The scandal was now well known in the west. But by this time, as the war was now being won, Polish-Soviet tensions were mounting for many other reasons. The argument raged on throughout the 50s and 60s. On October 30, 1989 (as the days of glasnost began) President Gorbachev allowed a delegation of several hundred Poles to visit the Katyn memorial. Among them was the distinguished former US National Security Advisor, Zbigniew Brzezinski.

In forthright comments after the visit, Brzezinski wrote of “…the symbolic nature of Katyn. Russians and Poles, tortured to death, lie here together… only with the truth can the new Soviet leadership distance itself from the crimes of Stalin and the NKVD…”

How these words resonate today.

Mr Putin’s own remarks? They were recorded in a 2008 interview with a Polish newspaper – Putin (then the Russian Prime Minister) openly called Katyn “a political crime.”

1944: The Warsaw Uprising – Defeat or Betrayal?

The final tragedy of the War for Poland was the failure of the Warsaw Uprising against Hitler, fought between August 1 and September 2 in 1944.

The Nazi armies were by now in full retreat from Russia, and many of their best troops had been sent west to stem their losses in Normandy. Sensing a weakness, the citizens of Warsaw and the Home Army therefore rose as one to take back their capital from the Germans – just as General Rokossovsky and his “First Belorussian Front” were concluding a 120-mile dash in three days to reach the outskirts of the city.

The Poles knew that the Russians were close, but worried that if they sat and waited, they would give the propaganda gift of liberation to the Soviets – as well as control of the city. When to make their move?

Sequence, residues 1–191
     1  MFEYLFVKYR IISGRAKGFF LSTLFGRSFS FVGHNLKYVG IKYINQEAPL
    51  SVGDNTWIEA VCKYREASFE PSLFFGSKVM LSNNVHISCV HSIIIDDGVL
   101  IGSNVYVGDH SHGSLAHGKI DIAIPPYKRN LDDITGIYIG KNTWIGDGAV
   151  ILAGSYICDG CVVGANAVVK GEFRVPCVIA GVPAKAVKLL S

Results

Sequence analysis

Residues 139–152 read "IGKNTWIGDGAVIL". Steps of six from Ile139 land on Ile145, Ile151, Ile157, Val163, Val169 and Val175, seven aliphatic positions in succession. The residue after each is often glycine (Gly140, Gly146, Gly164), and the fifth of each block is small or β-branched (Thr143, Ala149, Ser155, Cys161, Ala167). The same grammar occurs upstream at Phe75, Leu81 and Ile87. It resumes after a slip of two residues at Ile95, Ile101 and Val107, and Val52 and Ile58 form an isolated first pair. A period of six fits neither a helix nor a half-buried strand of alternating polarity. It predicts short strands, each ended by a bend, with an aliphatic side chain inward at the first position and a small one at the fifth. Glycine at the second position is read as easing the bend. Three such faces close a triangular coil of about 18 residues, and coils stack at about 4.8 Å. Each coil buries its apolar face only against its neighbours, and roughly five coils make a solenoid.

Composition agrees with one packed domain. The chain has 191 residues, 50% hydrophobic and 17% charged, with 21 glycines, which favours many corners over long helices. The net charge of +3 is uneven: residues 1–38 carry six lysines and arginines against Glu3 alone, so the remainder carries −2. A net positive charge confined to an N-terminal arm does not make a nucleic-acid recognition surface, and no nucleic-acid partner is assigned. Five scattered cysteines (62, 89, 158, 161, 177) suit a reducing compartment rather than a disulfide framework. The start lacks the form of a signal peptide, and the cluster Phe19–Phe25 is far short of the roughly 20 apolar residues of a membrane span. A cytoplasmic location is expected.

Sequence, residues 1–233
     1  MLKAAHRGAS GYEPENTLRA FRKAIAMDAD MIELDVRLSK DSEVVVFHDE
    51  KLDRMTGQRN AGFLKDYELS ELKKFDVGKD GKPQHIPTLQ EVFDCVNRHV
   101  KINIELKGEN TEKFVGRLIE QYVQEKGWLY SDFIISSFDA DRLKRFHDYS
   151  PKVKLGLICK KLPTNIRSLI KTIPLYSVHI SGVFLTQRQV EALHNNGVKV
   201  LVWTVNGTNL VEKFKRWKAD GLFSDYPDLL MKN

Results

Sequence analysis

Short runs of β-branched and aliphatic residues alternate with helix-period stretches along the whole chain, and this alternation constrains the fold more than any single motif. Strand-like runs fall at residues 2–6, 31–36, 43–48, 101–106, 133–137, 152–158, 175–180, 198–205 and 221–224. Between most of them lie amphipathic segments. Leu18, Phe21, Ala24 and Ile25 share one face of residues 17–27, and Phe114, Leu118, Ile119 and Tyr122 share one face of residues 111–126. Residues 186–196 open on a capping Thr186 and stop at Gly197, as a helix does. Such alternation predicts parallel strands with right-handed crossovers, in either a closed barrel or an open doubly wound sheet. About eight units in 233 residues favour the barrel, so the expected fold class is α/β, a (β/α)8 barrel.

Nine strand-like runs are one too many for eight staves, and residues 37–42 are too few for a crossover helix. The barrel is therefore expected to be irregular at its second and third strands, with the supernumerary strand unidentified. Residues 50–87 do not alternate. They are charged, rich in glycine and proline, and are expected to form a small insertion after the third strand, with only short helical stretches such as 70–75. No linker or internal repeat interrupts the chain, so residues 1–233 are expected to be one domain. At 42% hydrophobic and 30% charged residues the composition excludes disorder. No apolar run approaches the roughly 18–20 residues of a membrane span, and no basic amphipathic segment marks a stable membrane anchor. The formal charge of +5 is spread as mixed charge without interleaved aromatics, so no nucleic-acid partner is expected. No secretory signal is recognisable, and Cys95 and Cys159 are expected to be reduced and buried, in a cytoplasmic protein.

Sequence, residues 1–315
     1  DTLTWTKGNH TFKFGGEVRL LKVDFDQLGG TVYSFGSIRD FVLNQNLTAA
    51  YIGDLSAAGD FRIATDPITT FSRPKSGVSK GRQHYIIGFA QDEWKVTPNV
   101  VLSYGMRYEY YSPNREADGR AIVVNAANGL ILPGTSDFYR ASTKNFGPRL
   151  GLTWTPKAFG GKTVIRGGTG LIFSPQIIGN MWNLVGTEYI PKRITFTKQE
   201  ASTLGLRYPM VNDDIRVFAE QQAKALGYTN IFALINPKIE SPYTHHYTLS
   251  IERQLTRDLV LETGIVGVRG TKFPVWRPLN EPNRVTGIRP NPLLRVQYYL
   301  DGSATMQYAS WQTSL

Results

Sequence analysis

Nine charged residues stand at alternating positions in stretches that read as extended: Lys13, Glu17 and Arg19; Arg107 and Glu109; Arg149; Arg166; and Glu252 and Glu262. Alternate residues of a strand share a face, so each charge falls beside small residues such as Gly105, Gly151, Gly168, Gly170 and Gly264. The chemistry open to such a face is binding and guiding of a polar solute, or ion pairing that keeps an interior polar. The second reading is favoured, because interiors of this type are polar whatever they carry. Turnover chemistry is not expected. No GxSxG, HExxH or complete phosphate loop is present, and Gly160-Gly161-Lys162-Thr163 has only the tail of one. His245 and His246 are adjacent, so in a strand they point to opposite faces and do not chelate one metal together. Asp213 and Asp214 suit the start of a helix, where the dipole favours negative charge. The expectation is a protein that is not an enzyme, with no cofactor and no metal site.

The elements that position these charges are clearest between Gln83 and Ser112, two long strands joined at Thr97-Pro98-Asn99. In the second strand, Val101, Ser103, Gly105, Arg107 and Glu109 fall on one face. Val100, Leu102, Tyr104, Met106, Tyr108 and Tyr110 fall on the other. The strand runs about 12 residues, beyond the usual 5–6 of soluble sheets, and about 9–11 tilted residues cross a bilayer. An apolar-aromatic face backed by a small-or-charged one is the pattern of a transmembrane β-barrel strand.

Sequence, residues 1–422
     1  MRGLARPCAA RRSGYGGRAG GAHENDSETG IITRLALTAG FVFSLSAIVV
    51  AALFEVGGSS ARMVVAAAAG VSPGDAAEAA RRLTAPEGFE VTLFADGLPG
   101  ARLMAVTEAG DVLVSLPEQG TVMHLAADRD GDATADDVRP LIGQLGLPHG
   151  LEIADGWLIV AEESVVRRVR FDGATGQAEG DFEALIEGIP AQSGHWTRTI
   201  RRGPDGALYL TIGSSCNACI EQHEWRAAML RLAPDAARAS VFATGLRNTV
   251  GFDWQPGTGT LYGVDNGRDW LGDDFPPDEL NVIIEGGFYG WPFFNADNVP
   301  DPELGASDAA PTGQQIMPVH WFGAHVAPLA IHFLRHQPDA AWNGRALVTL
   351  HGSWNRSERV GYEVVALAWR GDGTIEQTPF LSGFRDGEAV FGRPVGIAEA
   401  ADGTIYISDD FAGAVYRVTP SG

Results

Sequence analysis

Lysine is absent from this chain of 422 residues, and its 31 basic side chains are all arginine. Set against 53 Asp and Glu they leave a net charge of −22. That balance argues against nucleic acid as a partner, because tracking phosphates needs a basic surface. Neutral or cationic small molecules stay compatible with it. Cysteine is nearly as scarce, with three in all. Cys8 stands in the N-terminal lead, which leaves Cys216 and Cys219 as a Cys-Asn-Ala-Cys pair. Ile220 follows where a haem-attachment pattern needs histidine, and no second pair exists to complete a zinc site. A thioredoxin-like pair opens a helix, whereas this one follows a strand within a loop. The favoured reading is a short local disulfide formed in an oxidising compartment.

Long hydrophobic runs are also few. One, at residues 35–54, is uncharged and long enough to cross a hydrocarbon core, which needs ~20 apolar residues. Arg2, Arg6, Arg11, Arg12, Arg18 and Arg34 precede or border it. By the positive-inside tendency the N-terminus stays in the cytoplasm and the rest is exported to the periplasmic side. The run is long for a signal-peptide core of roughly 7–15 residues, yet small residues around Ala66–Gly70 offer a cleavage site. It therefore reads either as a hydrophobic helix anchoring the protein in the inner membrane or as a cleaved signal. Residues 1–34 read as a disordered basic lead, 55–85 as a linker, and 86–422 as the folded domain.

Sparked by a broadcast from Radio Moscow, thousands of insurgents came onto the streets, using the subway system, the sewer network (which they had carefully studied) and arms dumps in civilian housing all across the city. They expected that it would take the Russians four or five days to move in and help them – maximum seven – and they duly captured central sections of the city.

Yet nothing happened. Stalin ignored Churchill’s appeals for help. Worse, he denied the RAF permission to even land and refuel when dropping supplies to the beleaguered Poles. Many Polish pilots still took suicidal risks to bring medicines and weapons, but the support could never be enough. Meanwhile, the city was ground down by the Nazis, building by building, block by block. Residents were shot down in their doorways, with the pretty girls taken away to prison camps and worse.

The Red Army was simply ordered to sit and wait. It suited Stalin well to have as many non-communist Poles killed as possible, before his own Polish “communist army” liberated their homeland. After weeks of appalling atrocities, General Bor-Komorowski finally surrendered on October 2, with 22,000 of his 40,000 fighters dead. Between 150,000 and 200,000 civilians were also killed. With all the buildings destroyed between 1939 and 1945, 85 percent of Warsaw had been levelled.

When the War ended in 1945, the first actions by the returning citizens were to rebuild the ancient churches and buildings.

In these acts also lies the spirit of Poland.